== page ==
More Localities Embrace $15 An Hour
Paul Davidson USA TODAY December 20, 2021
This insert summarizes Paul Davidson's article published in USA Today, December 20, 2021; all credit is due to Mr. Davidson of USA Today.
"Twenty-one states and 35 cities and counties are set to raise their minimum wages on or about New Year's Day, according to a report provided exclusively to USA TODAY by the National Employment Law Project (NELP), a worker advocacy group.
California's minimum will reach $15 for the first time on January 1 for large employers. New York state – already at $15 in New York City and for fast-food workers statewide – will extend that benchmark to Long Island and Westchester County on New Year's Eve.
Four of the localities lifting their pay floors on January 1 will hit the $15 threshold for the first time: Denver, which is leaping from $14.77 to $15.87, and the California cities of San Diego, Oakland, and West Hollywood.
An additional 27 cities and towns already at $15 will climb even higher in a couple of weeks. California's Mountain View and Sunnyvale reach $17.10, and Seattle edges up to $17.27 for most employers.
A full-time worker at a fast-food restaurant currently earns the city's $14.36 hourly minimum in Oakland. A typical working family of (four adults) living in a two-bedroom apartment requires at least $3,000 to cover monthly household expenses. That equals 200 hours of labor needed based on the current minimum wage rate. Starting January 2022, Oakland's base wage will rise to $15.06, adding $112 a month.
Separately, at least 100 or so primarily big companies already pay $15 or higher, including Best Buy, Costco, Wayfair, The Container Store, Bank of America ($21.00), Apple, and Southwest Airlines, according to the NELP study. All told, by 2026, about 40% of the U.S. workforce will enjoy $15 minimum wage mandates, NELP figures show.
What is Driving This Change?
Pandemic-related labor shortages are presenting U.S. workers with unprecedented leverage. Several million Americans remain out of the labor market, lacking affordable child care, fearful of contracting COVID or living off savings of unemployment benefits or government stimulus checks. Many older people also are retiring early. Older adults constitute a disproportionate share of labor-force dropouts. Data from the Bureau of Labor Statistics show that more adults age 65 and older left the labor force in 2020 than in any year since the U.S. began tracking such information in 1948. Many will likely never work again, jeopardizing their immediate and long-term financial security.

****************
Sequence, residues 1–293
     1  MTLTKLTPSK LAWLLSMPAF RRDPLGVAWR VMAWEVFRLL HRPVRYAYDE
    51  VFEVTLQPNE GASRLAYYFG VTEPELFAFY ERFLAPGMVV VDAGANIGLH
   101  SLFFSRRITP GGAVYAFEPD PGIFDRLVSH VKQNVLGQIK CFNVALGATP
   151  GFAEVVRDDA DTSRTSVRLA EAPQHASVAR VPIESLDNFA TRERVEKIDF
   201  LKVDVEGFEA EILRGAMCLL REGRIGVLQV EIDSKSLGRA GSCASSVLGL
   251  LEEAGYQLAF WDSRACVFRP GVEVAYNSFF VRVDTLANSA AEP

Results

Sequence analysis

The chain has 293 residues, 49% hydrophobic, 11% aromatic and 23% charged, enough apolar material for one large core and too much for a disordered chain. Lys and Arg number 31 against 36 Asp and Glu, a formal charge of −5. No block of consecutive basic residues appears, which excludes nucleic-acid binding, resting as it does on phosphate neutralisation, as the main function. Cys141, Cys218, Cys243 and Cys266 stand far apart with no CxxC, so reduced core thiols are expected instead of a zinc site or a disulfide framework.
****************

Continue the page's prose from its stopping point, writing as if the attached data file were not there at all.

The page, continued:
Employers have little choice but boost pay to attract and hold onto workers amid a reopening economy and strong consumer demand. In October, there were 11 million job openings, and 4.2 million people quit, typically to take other positions that pay more, Labor Department figures show. Both totals are near records.
In November, wages overall rose 3.7% from a year earlier, the most since 2009, and pay for the bottom quartile of employees jumped 5.1%, the biggest gain in nearly two decades, according to the Atlanta Fed's wage growth tracker. According to the Labor Department, the average hourly earnings for employees at restaurants and bars surged 12.1% in October, the most on record, to $17.66.
Workers' newfound bargaining power has encouraged many to play hardball. The nation has seen a rise in strikes this fall at companies such as John Deere, Kellogg, and Kaiser Permanente, with many employees winning higher pay and benefits.
The worker-friendly landscape has lessened the impact of the minimum wage hikes since most employees' earnings already are close to or above the new pay floors, says Mark Zandi, chief economist of Moody's Analytics.
The Federal Minimum Wage Remains $7.25
Government-mandated increases are still critical to helping low-income households meet expenses, especially with inflation hitting a 39-year high last month. "At some point, we'll go back to an economy where workers don't have the leverage, and we'll need to rely on laws," she says. "It would not be good policy to leave wage floors to the discretion of the private sector."
However, the federal minimum wage has been stuck at $7.25 an hour since 2009, with Senate Republicans repeatedly blocking efforts to increase it. Although 30 states with more than 60% of the U.S. workforce now have higher pay floors than the federal government's, 20 states – mainly in the South and Midwest – rely on the national minimum and are unlikely to set a higher base. That has intensified the need for federal action. Yannet Lathrop, a researcher and policy analyst at NELP, says $15 provides just a living wage in much of the country.
Many employers say the minimum wage hikes will add to the cost pressures triggered by worker shortages and supply-chain bottlenecks that have delayed product deliveries.
Michael Saltsman, managing director of the Employment Policies Institute (restaurant industry-backed group), says wage increases will accelerate a trend toward more automation and fewer workers. A Congressional Budget Office study in 2019 found that a $15 federal minimum wage would increase pay for 17 million workers who earn less than that and possibly another 10 million who make slightly more. According to the study's median estimate, it would cause 1.3 million other workers to lose their jobs.
Not all of the base pay hikes taking effect next month will be large. A handful of states and 27 localities will enact small, annual cost-of-living increases. Pay floors will rise from $12.32 to $12.56 in Colorado, from $8.80 to $9.30 in Ohio, and $8.75 to $9.20 in Montana.